On August 12, 2020, the Small Business Association (SBA) opened the forgiveness portal for its Paycheck Protection Program loans, allowing PPP loan recipients to apply to have their debt forgiven. But many banks, along with other lenders who issued these loans, are telling their borrowers to hold off on their applications for now.
The PPP Program in general has been a bit fluid since its inception in April and the rules surrounding loan forgiveness have shifted a few times. Originally, businesses needed to spend 75% of their loan on payroll in order to qualify for forgiveness. That number later dropped to 60%. In addition, small businesses have been given more time to spend their funds (from eight to 24 weeks). And recently, employer payments toward vision and dental benefits are considered payroll costs that are eligible for forgiveness.
But perhaps the key reason to delay applying for loan forgiveness for now is that Congress may cut a lot of the paperwork out for you, perhaps eliminating it entirely. For example, loans of $150,000 may have a very short-form process, or even be converted to grants. (This would be with the understanding that the borrower attest that the company used at least 60% of the money for payroll expenses). If that legislation goes through, businesses with loans under $150,000 may not need to go through the process of applying for forgiveness at all.
One Senate bill proposes that loans between $150,000-$2 million would no longer require submissions of payroll documents and itemized lists of how the money was spent. All a business needs to do is certify that the records exist.
There are other reasons to hold off on the forgiveness application. It’s still unclear if expenses covered by forgivable loans will be deductible on their tax returns. And — oh yeah — some banks and lenders are still in the process of developing their online portals to accept applications.
With all the uncertainty, it’s no wonder why the SBA recently issued a frequently asked questions for borrower and lenders (yep…the lenders have questions, too).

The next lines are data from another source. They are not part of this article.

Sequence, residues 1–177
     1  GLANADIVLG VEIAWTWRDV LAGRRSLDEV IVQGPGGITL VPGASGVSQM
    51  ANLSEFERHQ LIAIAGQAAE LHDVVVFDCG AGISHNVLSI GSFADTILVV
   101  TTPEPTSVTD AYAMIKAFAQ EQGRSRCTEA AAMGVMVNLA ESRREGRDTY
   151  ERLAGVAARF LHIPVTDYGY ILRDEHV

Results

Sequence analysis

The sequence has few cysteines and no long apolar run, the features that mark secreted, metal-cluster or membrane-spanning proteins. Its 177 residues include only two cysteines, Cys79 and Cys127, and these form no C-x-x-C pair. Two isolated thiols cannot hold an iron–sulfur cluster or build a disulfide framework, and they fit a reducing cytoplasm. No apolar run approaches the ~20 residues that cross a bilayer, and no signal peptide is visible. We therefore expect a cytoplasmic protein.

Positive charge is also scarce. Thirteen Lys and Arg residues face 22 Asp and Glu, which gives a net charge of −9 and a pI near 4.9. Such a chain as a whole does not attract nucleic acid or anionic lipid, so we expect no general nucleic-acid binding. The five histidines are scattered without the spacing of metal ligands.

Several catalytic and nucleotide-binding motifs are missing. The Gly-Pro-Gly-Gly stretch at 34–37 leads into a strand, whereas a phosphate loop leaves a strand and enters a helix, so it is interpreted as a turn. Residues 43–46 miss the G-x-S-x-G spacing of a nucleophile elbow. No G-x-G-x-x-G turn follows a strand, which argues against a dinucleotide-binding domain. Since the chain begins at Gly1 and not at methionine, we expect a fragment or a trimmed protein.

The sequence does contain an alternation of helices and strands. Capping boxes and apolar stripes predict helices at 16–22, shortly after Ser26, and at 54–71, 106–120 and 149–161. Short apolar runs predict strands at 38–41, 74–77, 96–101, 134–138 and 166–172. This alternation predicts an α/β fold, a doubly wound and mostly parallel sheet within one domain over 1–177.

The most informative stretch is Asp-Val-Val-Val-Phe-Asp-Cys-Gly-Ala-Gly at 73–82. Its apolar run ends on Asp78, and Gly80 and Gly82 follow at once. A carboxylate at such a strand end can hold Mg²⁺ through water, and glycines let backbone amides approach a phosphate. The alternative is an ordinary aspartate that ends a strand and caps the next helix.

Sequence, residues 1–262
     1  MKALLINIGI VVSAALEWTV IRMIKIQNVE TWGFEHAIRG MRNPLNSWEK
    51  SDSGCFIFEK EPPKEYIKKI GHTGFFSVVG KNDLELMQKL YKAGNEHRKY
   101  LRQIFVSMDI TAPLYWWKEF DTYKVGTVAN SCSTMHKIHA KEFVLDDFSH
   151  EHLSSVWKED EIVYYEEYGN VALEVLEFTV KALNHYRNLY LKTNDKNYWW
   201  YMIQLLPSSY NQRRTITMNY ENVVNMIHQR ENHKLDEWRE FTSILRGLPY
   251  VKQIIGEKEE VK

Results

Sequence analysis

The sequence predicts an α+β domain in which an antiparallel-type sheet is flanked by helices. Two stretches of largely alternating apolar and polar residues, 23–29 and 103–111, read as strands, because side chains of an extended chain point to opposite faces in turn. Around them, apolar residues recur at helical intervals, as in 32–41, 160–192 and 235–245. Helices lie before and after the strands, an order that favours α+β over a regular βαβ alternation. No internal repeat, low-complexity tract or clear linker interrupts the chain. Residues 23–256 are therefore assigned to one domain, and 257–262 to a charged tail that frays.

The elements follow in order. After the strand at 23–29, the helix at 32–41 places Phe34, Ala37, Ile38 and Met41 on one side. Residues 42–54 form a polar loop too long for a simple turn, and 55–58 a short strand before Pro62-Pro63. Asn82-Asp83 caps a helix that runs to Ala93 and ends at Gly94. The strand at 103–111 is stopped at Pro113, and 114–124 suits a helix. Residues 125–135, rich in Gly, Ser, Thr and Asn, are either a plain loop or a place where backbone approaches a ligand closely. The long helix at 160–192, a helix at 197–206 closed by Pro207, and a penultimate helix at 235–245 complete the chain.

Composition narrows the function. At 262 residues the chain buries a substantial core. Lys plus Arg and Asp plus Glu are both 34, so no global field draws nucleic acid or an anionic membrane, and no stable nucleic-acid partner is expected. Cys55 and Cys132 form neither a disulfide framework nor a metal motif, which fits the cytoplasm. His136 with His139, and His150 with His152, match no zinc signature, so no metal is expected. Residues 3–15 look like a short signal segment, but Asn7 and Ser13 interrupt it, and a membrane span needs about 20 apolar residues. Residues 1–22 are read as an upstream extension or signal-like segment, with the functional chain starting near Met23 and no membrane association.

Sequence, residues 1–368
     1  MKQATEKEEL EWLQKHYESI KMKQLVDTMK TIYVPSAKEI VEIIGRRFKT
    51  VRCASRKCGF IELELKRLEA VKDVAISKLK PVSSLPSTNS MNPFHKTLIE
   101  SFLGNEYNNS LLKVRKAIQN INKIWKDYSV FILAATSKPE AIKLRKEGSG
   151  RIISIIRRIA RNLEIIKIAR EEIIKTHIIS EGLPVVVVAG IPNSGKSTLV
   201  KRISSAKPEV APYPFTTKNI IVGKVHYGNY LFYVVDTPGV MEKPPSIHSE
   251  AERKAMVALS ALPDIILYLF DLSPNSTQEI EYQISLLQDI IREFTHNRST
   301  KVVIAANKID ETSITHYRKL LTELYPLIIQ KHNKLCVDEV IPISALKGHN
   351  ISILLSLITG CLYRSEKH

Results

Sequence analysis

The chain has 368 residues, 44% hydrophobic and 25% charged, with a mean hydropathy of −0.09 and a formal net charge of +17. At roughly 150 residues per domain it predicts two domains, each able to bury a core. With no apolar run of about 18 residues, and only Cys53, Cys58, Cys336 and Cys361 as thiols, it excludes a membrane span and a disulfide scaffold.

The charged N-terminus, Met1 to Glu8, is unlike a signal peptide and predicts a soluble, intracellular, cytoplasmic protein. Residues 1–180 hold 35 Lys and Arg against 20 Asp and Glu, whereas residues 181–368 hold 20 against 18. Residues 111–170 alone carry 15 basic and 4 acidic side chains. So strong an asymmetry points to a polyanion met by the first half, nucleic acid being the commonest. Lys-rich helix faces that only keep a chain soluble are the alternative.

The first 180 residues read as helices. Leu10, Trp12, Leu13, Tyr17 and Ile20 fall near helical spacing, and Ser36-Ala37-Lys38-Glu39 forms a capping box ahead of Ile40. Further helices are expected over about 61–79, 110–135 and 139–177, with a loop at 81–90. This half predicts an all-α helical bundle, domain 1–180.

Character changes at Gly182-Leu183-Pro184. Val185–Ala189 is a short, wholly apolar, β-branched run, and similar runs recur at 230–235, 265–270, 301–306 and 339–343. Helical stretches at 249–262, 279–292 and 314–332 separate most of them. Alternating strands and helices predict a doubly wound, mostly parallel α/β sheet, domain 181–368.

If no changes come from Capitol Hill, borrowers will use one of three applications:
- SBA Form 3508, which is five pages and may be found here
- SBA Form 3508EZ, which is three pages and may be found here
- An application provided from your lender
When the time comes to submit forgiveness applications, make sure they are sent to your lender, and not the SBA. From there, lenders will decide how much is forgivable and then will inform the SBA within 60 days. The SBA then has 90 days to review the application and either adopt or reject the lender’s decision.
While it seems like a lot is still up in the air (because it is), one thing is certain: as a borrower, you aren’t facing a tight deadline and you won’t be nailed by high interest rates if there are delays with your forgiveness application. The loan portion that’s not forgiven carries only a 1% interest rate and can be repaid over five-years term. (That’s for loans issued after June 5. Loans issued before June 5 need to be repaid within two years.)
To simplify the forgiveness process, Accu Data has created a PPP report for our clients as part of our website’s COVID-19 Resource Center. To access it, simply log in to your online account. And of course, we highly recommend that you reach out to your accountant, legal or financial adviser to answer any questions you have.
Not a client yet? At Accu Data, we are committed to help our clients navigate the complicated waters of the PPP Program and all of you payroll and human capital management needs. Contact us today to see how our unified, single-source HCM solution can help you increase organizational productivity and profitability, with comprehensive functionality for Payroll, Human Resources, Time & Attendance, Benefits Administration, Learning Management System, ACA Compliance and more.